| Breakfast: ||The hotel offers a tasty, expanded continental breakfast this morning. Includes both hot and cold breakfast items, pastries, fruit, protein and juices.|
| Morning: ||Start your North Dakota Energy Trail learning experience with NextEra Energy Resources Wilton Wind Field, one of the region’s largest wind energy projects. Get a
close-up view of the 260-foot tall wind towers, each with three 120-foot long blades weighing over 7 tons, capable of generating 48.5 megawatts of power. Learn about the pros and cons of this type of energy resource. Basin Electric Power Cooperative is the sole purchaser of electricity from this project. |
At the Lewis and Clark Interpretive Center, in Washburn, you will get an overview of the Expedition with special emphasis on displays that include Native American Artifacts, a buffalo robe that visitors can try on, as well as a cradle-board, and an original "hasp." The Center's Bergquist Gallery, one of only four galleries in the world to house a complete collection, rotates the prints of Karl Bodmer on a seasonal basis. Bodmer's watercolors and Maximilian's written descriptions are considered the most complete and reliable eyewitness account of the Upper Midwest Indian cultures.
Learn more of the Journey from a reenactor at Fort Mandan. Lewis & Clark spent more days in North Dakota than any other place on their journey. This site offers a reconstruction of the 1804-1805 winter quarters built by the Corp of Discovery. Sacagawea, their interpreter and wife of French Canadian trapper and guide Toussaint Charbonneau, joined the expedition at this site. The fort was built of cottonwood lumber cut from the riverbanks. It was triangular in shape, with high walls on all sides and a gate facing the riverbank. The men started building the fort on November 2, 1804 and remained in the area until April 7, 1805. When the Corp passed back through the area in August 1806 on their return journey home, the fort had burnt to the ground; the reason is unknown.
| Lunch: ||Another tasty sack lunch awaits you this noon. |
Expand your energy knowledge at Antelope Valley near Beulah, North
Dakota. This area is part of a $4-billion energy complex that includes: The Freedom Mine, the nation's largest lignite coal mine; Antelope Valley Station, coal-based generating station; and The Great Plains Synfuels Plant, the nation's only commercial-size coal gasification plant.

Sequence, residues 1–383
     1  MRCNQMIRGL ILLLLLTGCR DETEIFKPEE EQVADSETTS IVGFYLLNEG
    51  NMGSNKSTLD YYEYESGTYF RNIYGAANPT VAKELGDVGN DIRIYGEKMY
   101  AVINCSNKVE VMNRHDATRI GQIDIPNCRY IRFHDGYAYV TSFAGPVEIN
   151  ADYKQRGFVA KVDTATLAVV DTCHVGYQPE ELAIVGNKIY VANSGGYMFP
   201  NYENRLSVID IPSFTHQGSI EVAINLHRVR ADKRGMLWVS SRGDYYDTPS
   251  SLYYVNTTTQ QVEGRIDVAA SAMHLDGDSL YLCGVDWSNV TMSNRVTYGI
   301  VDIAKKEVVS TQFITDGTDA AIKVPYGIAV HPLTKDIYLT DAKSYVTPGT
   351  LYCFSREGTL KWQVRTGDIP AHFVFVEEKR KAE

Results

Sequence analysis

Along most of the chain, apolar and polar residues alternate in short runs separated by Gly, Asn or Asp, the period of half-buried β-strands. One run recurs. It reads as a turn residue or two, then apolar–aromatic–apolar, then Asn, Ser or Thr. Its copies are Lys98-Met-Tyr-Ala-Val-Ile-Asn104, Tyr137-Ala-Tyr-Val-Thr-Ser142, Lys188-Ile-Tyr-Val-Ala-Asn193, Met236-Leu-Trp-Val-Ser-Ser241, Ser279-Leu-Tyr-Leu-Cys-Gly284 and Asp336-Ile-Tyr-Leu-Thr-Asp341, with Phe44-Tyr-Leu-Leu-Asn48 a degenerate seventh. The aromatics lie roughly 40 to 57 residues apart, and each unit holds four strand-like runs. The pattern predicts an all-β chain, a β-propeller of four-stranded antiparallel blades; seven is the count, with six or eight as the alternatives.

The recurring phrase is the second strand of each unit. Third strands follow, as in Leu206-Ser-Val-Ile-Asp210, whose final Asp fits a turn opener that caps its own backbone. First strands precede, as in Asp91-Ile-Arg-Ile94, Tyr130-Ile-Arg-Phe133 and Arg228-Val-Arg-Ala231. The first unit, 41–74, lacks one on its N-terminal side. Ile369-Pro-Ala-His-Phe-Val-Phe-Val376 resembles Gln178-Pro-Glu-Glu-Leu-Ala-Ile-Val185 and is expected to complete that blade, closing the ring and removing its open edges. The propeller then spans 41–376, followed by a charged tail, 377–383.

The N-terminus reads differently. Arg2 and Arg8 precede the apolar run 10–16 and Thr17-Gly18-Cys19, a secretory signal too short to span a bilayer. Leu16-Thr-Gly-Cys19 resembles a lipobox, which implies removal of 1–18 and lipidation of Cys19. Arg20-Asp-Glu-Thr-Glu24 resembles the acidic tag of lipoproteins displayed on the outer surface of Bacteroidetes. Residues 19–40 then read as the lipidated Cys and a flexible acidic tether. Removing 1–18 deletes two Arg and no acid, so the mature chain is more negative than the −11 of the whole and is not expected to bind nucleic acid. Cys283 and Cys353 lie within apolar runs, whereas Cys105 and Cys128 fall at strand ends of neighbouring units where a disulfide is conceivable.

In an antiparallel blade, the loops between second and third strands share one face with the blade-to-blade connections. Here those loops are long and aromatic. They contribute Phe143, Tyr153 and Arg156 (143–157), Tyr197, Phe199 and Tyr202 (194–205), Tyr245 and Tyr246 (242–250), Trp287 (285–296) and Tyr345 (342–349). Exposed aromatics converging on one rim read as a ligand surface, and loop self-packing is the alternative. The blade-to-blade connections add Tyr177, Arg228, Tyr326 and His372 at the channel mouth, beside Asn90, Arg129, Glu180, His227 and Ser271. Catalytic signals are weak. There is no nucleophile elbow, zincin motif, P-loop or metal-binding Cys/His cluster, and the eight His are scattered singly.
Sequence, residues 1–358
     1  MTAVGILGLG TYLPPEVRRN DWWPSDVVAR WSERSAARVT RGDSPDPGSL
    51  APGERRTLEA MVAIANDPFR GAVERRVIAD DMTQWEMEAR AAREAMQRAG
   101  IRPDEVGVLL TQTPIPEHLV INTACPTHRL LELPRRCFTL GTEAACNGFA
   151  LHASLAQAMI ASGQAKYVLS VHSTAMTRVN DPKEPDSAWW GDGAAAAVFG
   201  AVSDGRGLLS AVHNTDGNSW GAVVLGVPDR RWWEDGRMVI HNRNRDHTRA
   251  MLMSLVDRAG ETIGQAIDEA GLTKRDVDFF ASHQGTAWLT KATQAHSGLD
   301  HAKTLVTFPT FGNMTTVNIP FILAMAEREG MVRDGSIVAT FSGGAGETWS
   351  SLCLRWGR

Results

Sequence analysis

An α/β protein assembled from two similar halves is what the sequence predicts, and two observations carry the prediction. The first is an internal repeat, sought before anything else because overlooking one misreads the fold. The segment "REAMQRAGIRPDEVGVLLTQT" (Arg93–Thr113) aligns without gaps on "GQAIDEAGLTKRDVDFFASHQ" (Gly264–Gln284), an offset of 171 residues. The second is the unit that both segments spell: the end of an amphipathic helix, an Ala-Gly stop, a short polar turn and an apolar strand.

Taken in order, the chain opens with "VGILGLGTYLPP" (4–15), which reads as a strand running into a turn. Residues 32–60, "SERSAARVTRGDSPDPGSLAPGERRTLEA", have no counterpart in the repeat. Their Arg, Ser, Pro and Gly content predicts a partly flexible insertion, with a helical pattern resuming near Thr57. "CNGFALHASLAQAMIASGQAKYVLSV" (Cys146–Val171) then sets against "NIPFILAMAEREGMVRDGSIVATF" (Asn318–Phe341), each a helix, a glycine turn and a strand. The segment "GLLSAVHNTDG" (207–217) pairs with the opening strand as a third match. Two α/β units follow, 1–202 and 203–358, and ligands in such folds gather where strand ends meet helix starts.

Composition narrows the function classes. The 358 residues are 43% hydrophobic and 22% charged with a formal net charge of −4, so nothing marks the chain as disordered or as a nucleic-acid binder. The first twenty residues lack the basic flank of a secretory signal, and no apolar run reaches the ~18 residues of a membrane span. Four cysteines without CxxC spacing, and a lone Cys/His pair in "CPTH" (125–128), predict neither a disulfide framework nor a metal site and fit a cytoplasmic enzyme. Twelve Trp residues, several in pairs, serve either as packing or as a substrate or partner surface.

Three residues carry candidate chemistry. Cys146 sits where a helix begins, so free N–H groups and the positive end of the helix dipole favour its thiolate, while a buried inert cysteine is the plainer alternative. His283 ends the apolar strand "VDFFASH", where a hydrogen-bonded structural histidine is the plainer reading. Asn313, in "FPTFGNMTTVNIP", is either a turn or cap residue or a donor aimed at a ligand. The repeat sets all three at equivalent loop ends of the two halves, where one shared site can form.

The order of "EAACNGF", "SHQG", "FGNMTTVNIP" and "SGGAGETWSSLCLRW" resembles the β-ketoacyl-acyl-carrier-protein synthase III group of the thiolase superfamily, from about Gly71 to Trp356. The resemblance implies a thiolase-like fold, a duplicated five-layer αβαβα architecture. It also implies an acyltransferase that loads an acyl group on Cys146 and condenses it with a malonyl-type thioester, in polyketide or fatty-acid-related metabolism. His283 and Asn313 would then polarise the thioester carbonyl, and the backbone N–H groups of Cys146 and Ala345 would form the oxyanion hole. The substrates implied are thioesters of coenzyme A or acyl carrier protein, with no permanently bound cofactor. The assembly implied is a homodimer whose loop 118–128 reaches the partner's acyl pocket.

From coal to electricity, Antelope Valley Station was designed as an environmentally sound, coal-based generating station. Production of electricity involves heating water to
make steam. The steam spins a turbine connected to a generator, which produces electricity. This cycle is the same whether a plant gets heat from nuclear energy or burns gas, oil or coal. The largest piece of equipment at Antelope Valley is the boiler, measuring 277 feet tall. Each boiler consumes 350 tons of pulverized lignite per hour to produce superheated steam at 1,005 degrees Fahrenheit and 2,400 pounds per square inch. Steam is used to drive a multi-stage turbine connected to a generator. A major part of the Antelope Valley Station fuel supply is provided by the Great Plains Synfuels Plant in the form of lignite fine-particles of coal too small for use in the gasification process.
The water source for Antelope Valley and the Synfuels Plant is Lake Sakakawea, a large
reservoir on the Missouri River. Water management is another aspect of environmental
protection. Antelope Valley is a "zero-discharge" facility. Water is used efficiently, and
none of it is returned to its source. The only way water leaves the plant site is by evaporation. Of the $1.9-billion construction cost, approximately $322 million more has been invested in environmental equipment and controls for protecting land, air and water. This is a lignite-based electric generating station with a capacity of 900,000 kilowatts.